Tesla Inc. CEO Elon Musk announced on Wednesday that the electric vehicle maker would prioritize sales growth over profitability in a weak economy. The move follows a price war that Musk initiated at the end of last year, with Tesla aggressively slashing prices in markets including the United States and China to spur demand and fend off rising competition.
Tesla reported its lowest quarterly gross margin in two years, missing market estimates, and its shares fell by 6% in after-hours trading. However, Musk defended the decision to prioritize sales growth, stating that “it’s better to shift a large number of cars at lower margin and harvest that margin in the future as we perfect autonomy.” He added that the EV maker’s orders still exceeded production, although he declined to reaffirm his earlier goal of achieving 2 million vehicle deliveries this year, standing by the company’s official target of 1.8 million deliveries.
However, analysts have expressed concerns over Tesla’s worrying China sales figures, which indicate that demand for its vehicles is slowing more than expected in the face of rising competition from local EV companies. Jesse Cohen, the senior analyst at Investing.com, noted that Tesla may need to cut prices further to remain competitive, especially in China, even as its new factories in Berlin and Texas churn out cars.
Tesla also reported a record inventory of $14.38 billion in the first quarter, up from $6.69 billion a year earlier, and burned $154 million in cash during the quarter. Musk announced plans in 2020 to produce a new battery cell to halve the cost of the most expensive part of an EV, but the company has been struggling to ramp up production for those cells. Tesla aims to cut assembly costs by half but did not specify when it will debut its long-awaited affordable electric vehicles.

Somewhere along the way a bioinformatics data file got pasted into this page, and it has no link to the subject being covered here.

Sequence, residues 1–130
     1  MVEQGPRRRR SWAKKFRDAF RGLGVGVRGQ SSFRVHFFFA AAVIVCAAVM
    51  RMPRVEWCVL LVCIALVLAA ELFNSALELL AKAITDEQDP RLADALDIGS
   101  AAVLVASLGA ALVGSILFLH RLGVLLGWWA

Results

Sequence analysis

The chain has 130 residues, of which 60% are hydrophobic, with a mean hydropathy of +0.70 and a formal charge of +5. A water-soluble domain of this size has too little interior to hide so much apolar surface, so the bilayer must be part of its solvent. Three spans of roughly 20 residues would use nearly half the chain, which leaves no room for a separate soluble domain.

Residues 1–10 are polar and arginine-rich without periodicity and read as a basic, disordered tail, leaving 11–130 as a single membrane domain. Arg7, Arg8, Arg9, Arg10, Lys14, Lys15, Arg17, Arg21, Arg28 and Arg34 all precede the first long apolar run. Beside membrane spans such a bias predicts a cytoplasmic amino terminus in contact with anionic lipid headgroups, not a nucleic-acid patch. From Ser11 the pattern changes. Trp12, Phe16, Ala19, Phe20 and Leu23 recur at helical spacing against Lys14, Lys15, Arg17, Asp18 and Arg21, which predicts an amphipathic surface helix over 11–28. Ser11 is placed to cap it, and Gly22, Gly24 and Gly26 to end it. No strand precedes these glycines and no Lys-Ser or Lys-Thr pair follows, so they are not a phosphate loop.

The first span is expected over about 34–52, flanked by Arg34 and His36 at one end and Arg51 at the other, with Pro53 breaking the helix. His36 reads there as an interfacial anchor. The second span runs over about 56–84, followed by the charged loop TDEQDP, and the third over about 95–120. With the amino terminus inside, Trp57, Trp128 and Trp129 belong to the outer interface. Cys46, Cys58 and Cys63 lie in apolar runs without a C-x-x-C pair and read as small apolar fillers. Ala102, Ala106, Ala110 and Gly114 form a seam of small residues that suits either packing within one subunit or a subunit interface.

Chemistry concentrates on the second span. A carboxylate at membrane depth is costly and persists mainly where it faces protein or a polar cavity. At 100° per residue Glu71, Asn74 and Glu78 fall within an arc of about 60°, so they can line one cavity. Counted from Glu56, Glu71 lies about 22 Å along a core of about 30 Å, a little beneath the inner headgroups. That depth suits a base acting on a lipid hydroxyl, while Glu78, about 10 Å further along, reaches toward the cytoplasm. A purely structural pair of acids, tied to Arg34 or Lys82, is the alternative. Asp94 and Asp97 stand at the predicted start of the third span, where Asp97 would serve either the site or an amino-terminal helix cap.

Despite these challenges, Tesla said in a statement that it still believes its operating margin will remain the highest among big carmakers. The company reported a total gross margin of 19.3%, short of market expectations of 22.4%, and did not report its automotive gross margin, a figure closely watched by investors. Musk cited the weak economy as making it hard to provide a margin outlook.
Tesla’s net profit fell by nearly a quarter to $2.51 billion from a year earlier, hurt by higher raw materials, logistics, and warranty costs as well as the production ramp-up of its 4680 battery cells. However, income adjusted for one-time items and revenue was in line with estimates from Refinitiv.
Looking ahead, Tesla fans have long-awaited a refresh of the company’s aging model lineup, with Musk announcing plans to start production of the Cybertruck this summer and expected delivery event in the third quarter. The company aims to cut assembly costs by half but did not specify when it will debut its long-awaited affordable electric vehicles.